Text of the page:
John Ringo is notoriously problematic in many ways. Google “oh john ringo no” if you have time to get sucked into TV Tropes and Fanlore.

  • Darkrose

    I don’t think “all those people look alike”–I am one of “those people”–and I immediately thought that the actor resembled an aged up Obama.

  • stardreamer42

    That’s the most progressive “pro-life” article I’ve ever seen. She actually makes the points that nobody likes abortions, and that people who want to reduce abortions should be in favor of birth control and real sex education, and that those who want to force babies to be born shouldn’t turn away from them (and their mothers) as soon as delivery is over. None of which I’ve ever seen argued from that side of the fence before. (And then the usual slut-shaming goes on in the comments.)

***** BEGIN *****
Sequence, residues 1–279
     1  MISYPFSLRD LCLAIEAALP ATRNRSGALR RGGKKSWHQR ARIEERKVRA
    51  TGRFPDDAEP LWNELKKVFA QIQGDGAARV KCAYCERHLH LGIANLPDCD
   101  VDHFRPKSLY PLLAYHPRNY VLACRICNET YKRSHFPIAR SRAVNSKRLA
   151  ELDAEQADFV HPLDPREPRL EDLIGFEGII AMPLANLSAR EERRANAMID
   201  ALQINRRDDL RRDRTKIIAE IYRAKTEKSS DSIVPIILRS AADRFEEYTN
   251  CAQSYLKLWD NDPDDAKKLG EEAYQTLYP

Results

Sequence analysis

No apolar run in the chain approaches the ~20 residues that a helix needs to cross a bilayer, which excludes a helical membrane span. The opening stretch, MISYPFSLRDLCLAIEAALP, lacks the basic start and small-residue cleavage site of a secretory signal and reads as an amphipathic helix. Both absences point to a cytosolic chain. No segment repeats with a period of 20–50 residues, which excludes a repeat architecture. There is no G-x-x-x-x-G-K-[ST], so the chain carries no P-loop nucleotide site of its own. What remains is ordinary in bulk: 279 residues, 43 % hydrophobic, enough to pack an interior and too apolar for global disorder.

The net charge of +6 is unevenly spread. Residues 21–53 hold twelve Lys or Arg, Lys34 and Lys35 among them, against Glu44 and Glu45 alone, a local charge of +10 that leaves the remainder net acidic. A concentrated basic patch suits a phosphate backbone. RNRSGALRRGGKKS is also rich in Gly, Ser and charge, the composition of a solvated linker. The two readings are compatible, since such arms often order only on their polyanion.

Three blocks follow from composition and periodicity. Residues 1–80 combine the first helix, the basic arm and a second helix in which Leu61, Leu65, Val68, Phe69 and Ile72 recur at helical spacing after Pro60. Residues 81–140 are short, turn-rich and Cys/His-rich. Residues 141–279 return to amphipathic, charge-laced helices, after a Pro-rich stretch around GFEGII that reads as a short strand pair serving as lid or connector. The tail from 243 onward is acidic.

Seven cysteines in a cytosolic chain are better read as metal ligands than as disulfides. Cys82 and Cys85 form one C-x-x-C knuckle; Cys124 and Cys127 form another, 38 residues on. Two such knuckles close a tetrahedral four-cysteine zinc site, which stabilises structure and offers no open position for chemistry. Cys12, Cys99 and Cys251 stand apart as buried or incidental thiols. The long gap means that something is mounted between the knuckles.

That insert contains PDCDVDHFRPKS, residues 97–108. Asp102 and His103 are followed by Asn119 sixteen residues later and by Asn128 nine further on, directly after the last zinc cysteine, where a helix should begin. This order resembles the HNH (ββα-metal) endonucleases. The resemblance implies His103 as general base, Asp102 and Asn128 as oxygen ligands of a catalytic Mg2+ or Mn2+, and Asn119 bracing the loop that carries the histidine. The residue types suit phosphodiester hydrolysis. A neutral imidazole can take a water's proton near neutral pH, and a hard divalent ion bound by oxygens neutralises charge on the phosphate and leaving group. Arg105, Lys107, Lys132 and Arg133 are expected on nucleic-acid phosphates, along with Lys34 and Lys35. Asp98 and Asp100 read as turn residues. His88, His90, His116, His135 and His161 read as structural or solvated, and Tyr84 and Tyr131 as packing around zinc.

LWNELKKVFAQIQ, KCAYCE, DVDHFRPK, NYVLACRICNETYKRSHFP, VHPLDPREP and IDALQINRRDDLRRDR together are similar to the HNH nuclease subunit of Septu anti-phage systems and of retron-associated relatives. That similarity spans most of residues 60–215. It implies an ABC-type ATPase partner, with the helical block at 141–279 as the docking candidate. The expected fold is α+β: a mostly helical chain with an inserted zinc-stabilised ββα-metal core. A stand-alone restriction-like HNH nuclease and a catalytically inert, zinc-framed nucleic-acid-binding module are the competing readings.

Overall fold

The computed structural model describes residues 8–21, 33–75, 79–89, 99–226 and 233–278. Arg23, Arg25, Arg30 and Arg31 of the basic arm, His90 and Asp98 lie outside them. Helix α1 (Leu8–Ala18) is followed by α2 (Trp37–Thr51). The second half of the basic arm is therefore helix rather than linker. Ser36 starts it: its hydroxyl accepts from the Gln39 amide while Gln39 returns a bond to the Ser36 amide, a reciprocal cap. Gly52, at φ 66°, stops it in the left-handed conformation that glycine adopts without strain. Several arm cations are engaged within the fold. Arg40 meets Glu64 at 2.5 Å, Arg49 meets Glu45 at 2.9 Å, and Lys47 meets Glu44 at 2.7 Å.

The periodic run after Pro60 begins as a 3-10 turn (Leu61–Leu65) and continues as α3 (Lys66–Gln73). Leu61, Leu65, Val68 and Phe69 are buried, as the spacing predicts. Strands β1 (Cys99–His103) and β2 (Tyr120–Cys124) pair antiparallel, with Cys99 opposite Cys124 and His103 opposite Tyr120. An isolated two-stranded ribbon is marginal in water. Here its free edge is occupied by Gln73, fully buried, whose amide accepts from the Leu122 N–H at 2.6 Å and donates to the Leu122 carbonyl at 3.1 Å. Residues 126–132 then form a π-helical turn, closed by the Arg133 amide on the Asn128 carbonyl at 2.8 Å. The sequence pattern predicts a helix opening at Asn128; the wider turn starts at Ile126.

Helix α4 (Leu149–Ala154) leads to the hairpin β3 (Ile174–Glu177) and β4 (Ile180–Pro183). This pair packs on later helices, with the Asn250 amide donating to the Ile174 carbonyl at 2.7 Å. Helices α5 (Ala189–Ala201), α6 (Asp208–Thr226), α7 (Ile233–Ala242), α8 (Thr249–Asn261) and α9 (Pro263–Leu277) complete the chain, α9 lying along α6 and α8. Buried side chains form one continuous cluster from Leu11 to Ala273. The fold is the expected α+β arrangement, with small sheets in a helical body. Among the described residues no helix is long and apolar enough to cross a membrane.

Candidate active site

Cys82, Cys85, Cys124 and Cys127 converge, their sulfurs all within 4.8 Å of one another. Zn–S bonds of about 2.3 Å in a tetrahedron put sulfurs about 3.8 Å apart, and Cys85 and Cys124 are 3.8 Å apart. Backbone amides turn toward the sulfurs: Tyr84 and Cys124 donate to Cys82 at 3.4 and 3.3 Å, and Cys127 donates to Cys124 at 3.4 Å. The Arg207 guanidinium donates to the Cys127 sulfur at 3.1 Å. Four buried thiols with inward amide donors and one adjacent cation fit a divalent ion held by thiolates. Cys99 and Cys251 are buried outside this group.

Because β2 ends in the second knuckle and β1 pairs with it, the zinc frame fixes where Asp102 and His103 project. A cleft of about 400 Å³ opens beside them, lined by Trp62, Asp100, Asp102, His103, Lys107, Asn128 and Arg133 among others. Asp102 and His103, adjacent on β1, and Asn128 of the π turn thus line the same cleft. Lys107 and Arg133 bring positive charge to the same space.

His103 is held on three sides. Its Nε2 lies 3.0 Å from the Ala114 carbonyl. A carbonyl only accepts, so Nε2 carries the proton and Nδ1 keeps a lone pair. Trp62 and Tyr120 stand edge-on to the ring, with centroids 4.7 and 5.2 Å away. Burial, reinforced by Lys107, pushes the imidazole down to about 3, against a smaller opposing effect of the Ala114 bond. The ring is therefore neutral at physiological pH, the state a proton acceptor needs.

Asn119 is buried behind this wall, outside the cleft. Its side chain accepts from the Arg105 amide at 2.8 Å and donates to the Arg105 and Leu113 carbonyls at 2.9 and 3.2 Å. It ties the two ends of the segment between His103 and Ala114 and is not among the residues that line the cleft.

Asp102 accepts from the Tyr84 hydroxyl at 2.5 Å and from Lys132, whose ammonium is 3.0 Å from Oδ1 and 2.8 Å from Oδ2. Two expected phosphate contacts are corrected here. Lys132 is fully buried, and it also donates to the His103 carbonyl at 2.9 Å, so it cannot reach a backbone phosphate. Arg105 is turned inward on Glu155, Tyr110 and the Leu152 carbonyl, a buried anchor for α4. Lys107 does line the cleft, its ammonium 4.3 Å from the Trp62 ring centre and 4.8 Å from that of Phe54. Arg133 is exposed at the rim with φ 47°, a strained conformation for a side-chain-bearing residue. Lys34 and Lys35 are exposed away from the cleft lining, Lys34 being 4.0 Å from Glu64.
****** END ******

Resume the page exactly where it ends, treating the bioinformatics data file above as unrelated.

• stardreamer42

    Unfortunately, in today’s society that’s sort of “business as usual”. The zombies-as-a-metaphor-for-white-supremacy idea, OTOH, is new (well, at least to me) and useful.

  • stardreamer42

    Anyone who thinks that actor looks like Obama needs to go check out some “Separated at Birth” photos from the link below. The only real points of similarity are long faces and squarish chins; anything else falls under “all those [X] look alike”.

  • P J Evans

    Eric Flint’s collaborations can be reasonably good, although some are not. Try the Belisarius series, sometime, for alternate-history.

  • Dash1